“We do not live in the back of beyond, we live in the very heart of beyond,” argues Roman Stornoway, a struggling musician and the central protagonist in Kevin MacNeil’s theatrical adaptation of his own novel, a “romantic tragicomedy” and arguably a literary description of the Outer Hebrides that’s far more honest than any picture-laden tourist guide. It’s also a novel about alcoholism, and how, “like all over-thinkers”, Roman proves “an enemy to himself”.
A script that's gloriously not afraid of its innate theatricality.
Presented by Dogstar Theatre Company, there’s one distinctive aspect of this particular production: it’s all-female ensemble. Between them, its cast of three women introduce the characters and situations, play the roles, provide sound-effects and perform a number of songs, in both English and Gaelic, that are either heart-rending or morose, depending on your point of view. (“We’re Gaels: misery is supposed to cheer us up,” they say. They have a point.) It’s a script that’s gloriously not afraid of its innate theatricality – directly addressing us on occasions, and more than ready to milk the audience for humour.
Naomi Stirrat is undoubtedly powerful as Roman, grandly expressing the man’s initial glamour and charm, while not overplaying the selfishness underneath; Rachel Kennedy does well as the ultimately good-natured friend – and never consummated love interest – Eilidh, although is clearly able to have more fun in supporting characters such as drinking companion Captain Moses and “Wee Free Kirk” representative The Reverend, ever ready to ensure that “proper values” are “thrashed into you”. Chloe-Ann Tyler, meantime, has the challenge of presenting the seemingly exotic Hungarian student Eva, a short-lived romance that ultimately ends with Roman thrown onto the street.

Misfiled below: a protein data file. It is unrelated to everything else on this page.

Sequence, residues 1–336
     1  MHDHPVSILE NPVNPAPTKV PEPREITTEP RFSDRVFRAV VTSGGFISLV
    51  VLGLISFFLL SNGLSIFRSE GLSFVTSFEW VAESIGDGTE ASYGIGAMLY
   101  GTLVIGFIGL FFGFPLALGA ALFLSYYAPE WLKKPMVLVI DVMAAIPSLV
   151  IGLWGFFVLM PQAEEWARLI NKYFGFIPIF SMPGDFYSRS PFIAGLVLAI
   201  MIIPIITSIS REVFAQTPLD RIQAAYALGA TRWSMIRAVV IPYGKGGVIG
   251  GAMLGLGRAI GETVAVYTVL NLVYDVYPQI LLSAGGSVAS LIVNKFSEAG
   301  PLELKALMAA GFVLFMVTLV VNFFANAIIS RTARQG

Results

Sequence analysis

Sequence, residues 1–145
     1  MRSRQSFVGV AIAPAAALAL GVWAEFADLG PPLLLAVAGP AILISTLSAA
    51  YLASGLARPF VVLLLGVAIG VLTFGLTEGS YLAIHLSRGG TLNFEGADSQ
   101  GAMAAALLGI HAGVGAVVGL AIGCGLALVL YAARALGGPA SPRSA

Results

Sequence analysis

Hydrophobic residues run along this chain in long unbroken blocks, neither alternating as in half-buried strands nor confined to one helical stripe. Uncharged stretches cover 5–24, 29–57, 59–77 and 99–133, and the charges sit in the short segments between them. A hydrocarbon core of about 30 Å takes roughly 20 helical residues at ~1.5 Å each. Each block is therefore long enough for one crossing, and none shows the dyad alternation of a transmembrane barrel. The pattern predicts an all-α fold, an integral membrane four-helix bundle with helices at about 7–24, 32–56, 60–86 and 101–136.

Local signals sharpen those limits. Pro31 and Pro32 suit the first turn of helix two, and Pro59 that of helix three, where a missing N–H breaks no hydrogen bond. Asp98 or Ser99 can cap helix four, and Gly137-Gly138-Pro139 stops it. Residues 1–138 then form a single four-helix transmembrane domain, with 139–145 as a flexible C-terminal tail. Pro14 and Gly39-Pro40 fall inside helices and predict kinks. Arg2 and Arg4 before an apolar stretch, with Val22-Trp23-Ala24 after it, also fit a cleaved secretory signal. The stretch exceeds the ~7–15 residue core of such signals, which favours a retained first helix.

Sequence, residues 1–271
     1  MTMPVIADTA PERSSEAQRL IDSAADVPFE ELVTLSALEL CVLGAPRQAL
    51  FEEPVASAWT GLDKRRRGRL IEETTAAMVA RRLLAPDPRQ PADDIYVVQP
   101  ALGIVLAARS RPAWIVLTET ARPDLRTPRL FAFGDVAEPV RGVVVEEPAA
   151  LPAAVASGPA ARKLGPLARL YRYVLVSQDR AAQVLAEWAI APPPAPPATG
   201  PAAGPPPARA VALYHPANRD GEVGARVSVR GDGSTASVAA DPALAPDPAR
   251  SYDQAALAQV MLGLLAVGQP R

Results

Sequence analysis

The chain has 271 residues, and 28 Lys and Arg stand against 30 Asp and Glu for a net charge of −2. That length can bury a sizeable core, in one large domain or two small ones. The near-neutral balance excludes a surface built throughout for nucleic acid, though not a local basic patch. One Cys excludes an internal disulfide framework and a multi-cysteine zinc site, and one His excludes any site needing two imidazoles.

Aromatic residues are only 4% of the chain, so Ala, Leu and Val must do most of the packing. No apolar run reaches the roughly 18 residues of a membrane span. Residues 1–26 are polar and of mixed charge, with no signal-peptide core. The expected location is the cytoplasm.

There is much to enjoy here; not least the irreverent humour, and an honest look at the realities of alcoholism, a part of Hebridean life that one gathers some would prefer not to be shown at all. It’s also a story of people trying to work out who they are, even when “on the margins of the margin”, though there’s a bleakness in the realisation that it’s a challenge not everyone appears able to meet.